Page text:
# Solution Of Separable Differential Equation

A differential equation is an equation of the form

$$\begin{array}{l}\frac{\mathrm{d} y}{\mathrm{d} x} = g(x),\;\;\;\; where\;\; y = f(x)\end{array}$$
.

General equations involve Dependent and Independent variables, but those equation which involves variables as well as derivative of dependent variable (y) with respect to independent variable (x) are known as Differential Equation.

## Solving A Separable Differential Equation

The solution of a differential equation is a function, that represents a relationship between the variables, independent of derivatives.

Such as:

Given differential equation :

$$\begin{array}{l}\frac{\mathrm{d} y}{\mathrm{d} x} = \cos x\end{array}$$

Solution :

$$\begin{array}{l}y = \sin x + c\end{array}$$
(thus derivative is eliminated)

The solution of a differential equation is also known as its primitive. In the upcoming discussions, we will find out the solution of first order and first degree differential equations.

Generally, there are three methods to solve first order and first degree differential equation. We will be discussing only solution of differential equations with separation of variables. ### Variable Separable Differential Equations

The differential equations which are expressed in terms of (x,y) such that, the x-terms and y-terms can be separated to different sides of the equation (including delta terms). Thus each variable separated can be integrated easily to form the solution of differential equation.

The equations can be written as

$$\begin{array}{l}f(x)dx + g(y)dy = 0\end{array}$$

where

$$\begin{array}{l} f(x) \end{array}$$
and
$$\begin{array}{l} g(y) \end{array}$$
are either constants or functions of
$$\begin{array}{l} x \end{array}$$
and
$$\begin{array}{l} y \end{array}$$
respectively.

In simpler terms all the differential equations in which all the terms involving

$$\begin{array}{l} x ~and~ dx \end{array}$$
can be written on one side of the equation and the terms involving
$$\begin{array}{l} y \end{array}$$
and
$$\begin{array}{l} dy \end{array}$$
on the other side are known as variable separable differential equations.

### Examples

 Lets Work Out- Example – Solve $$\begin{array}{l} \frac{dy}{dx} = \frac{x^3 + 3}{y^2 + 1}\end{array}$$. Solution – $$\begin{array}{l}(y^2 + 1)dy = (x^3 + 3)dx\end{array}$$ Integrating both the sides we get, $$\begin{array}{l}\int (y^2 + 1)dy = \int(x^3 + 3)dx\end{array}$$ $$\begin{array}{l}\frac{y^3}{3} + y = \frac{x^4}{4} + 3x + c\end{array}$$ $$\begin{array}{l}\frac{y^3}{3} + y – \frac{x^4}{4} – 3x = c\end{array}$$ It is the required solution. Example- Arjun is riding his bike at an initial velocity of 10 m/s.  To reach his home at time he continuously increases his velocity at the rate of $$\begin{array}{l} 10% \end{array}$$ in what time will his velocity be 2.718 times of what it is now? Solution- Let the velocity of Arjun be v at any time t. Then $$\begin{array}{l}\frac{dv}{dt} = \frac{10}{100} × V\end{array}$$ $$\begin{array}{l}\frac{dv}{dt} = \frac{V}{10}\end{array}$$ Separating the variables we get $$\begin{array}{l} \frac{1}{V}dv = \frac{1}{10}dt \end{array}$$ Integrating both the sides we get; $$\begin{array}{l} ln V = \frac{t}{10} + c \end{array}$$ Where c is any arbitrary constant; $$\begin{array}{l} V = e^{\frac{t}{10}} × e^{c} \end{array}$$ $$\begin{array}{l}V = Ce^{\frac{t}{10}} \end{array}$$ We know at $$\begin{array}{l} t = 0, V = 10 m/s\end{array}$$ So the equation becomes V = $$\begin{array}{l} 10e^{\frac{t}{10}}\end{array}$$ Now $$\begin{array}{l} V = 2.718 × 10 \frac{m}{s}\end{array}$$ Substituting this value we get, $$\begin{array}{l} 27.18 = 10 e^{\frac{t}{10}} \end{array}$$ $$\begin{array}{l} \Rightarrow e^{\frac{t}{10}} = 2.718 \end{array}$$ $$\begin{array}{l} \Rightarrow ln e^{\frac{t}{10}} = ln 2.718 \end{array}$$ $$\begin{array}{l} \Rightarrow \frac{t}{10} = 1\end{array}$$ $$\begin{array}{l} \Rightarrow t = 10 seconds \end{array}$$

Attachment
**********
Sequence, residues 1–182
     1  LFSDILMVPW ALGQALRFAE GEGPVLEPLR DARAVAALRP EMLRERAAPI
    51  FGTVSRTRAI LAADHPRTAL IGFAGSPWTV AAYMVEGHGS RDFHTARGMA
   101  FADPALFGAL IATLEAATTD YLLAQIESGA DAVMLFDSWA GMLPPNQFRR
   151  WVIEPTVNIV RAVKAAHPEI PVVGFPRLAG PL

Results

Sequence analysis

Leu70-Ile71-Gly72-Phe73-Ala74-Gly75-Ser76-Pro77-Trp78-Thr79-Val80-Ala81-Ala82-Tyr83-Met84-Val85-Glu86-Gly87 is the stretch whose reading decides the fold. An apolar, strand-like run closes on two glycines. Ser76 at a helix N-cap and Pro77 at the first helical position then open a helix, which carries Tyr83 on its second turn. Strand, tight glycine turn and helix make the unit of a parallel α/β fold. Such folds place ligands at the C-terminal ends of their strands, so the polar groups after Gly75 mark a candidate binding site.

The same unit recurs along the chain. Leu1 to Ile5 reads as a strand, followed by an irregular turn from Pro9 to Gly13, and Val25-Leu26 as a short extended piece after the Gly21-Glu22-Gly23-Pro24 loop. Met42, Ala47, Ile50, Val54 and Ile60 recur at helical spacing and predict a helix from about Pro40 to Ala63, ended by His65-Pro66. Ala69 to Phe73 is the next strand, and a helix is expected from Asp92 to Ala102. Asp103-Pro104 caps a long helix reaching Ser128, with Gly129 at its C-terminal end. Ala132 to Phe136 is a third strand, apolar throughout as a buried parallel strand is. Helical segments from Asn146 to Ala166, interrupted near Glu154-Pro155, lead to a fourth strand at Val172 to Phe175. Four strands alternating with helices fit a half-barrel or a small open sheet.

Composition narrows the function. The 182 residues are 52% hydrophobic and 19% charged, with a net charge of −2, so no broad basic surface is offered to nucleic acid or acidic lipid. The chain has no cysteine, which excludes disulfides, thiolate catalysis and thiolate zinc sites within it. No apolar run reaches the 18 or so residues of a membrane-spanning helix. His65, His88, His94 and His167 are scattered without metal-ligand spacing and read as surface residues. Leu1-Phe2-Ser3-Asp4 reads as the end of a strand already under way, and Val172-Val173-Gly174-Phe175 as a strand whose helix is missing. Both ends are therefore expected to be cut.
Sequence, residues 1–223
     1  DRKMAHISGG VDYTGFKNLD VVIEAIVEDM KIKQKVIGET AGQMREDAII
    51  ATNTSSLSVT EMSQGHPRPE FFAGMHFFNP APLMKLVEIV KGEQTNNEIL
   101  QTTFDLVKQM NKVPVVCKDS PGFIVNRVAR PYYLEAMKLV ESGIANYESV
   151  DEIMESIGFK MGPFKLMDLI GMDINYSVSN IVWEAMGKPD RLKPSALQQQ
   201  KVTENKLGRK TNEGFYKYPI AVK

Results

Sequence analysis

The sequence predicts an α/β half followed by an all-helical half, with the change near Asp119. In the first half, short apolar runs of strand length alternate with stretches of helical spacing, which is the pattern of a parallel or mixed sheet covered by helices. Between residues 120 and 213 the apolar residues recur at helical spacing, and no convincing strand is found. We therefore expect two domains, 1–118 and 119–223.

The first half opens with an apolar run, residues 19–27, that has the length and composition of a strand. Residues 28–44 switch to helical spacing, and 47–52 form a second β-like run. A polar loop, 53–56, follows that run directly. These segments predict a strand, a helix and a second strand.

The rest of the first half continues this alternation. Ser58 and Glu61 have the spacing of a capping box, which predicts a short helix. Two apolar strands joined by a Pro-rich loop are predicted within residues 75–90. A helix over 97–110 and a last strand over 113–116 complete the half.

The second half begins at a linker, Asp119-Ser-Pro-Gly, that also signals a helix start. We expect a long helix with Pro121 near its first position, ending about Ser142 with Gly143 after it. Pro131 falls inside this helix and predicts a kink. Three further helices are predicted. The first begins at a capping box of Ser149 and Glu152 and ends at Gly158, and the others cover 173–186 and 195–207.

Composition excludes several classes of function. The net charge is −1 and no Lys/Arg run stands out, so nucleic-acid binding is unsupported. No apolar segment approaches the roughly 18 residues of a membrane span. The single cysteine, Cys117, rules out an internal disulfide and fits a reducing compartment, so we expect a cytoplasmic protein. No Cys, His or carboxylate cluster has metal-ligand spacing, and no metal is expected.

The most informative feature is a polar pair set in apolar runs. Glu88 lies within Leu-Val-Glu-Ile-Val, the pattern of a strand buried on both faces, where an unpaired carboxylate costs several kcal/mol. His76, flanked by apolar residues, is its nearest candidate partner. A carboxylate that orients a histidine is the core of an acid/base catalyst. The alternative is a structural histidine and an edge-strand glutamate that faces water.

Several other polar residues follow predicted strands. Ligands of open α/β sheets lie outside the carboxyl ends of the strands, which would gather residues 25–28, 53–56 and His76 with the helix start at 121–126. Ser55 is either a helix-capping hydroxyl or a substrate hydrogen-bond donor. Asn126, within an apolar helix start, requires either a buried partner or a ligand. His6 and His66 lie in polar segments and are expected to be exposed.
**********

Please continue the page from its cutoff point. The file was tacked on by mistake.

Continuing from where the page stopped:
### Solving Exact Differential Equations

In the equation

$$\begin{array}{l} f(x)dx + g(y)dy = 0 \end{array}$$

If

$$\begin{array}{l} \frac{\partial d f(x)}{\partial dx}\end{array}$$
=
$$\begin{array}{l}\frac{\partial d g(y)}{\partial dx}\end{array}$$
then the equation is called as exact differential equation. In the first integral variable y is taken as a constant and in the second integral variable x is taken as constant.

Thus the solution is given by

$$\begin{array}{l} \int f(x) dx + \int g(y) dy = c \end{array}$$

 Lets Work Out- Example- Solve the following :- $$\begin{array}{l} (x^3 + 3xy^2 + 25)dx + (y^3 + 3yx^2 + 25)dy = 0 \end{array}$$ Solution- $$\begin{array}{l}\frac{\partial d f(x)}{\partial dx} = 3x^2 + 3y^2\end{array}$$ $$\begin{array}{l}\frac{\partial d g(y)}{\partial dx} = 3x^2 + 3y^2\end{array}$$ Since$$\begin{array}{l} \frac{\partial d f(x)}{\partial dx} = \frac{\partial d g(y)}{\partial dx}\end{array}$$ , it is an exact differential equation. Its solution is $$\begin{array}{l}\int f(x)dx + \int g(y)dy = c \end{array}$$ ⇒ $$\begin{array}{l}c = \int(x^3 + 3xy^2 + 25)dx + \int(y^3 + 25)dy\end{array}$$ ⇒ $$\begin{array}{l} c = \frac{x^4}{4} + \frac{y^4}{4} + \frac{3}{2}x^2y^2 + 25(x + y)\end{array}$$ ⇒ $$\begin{array}{l} c = x^4 + y^4 +6 x^2 y^2 +100(x + y)\end{array}$$

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Quiz on Solution of Separable Differential Equation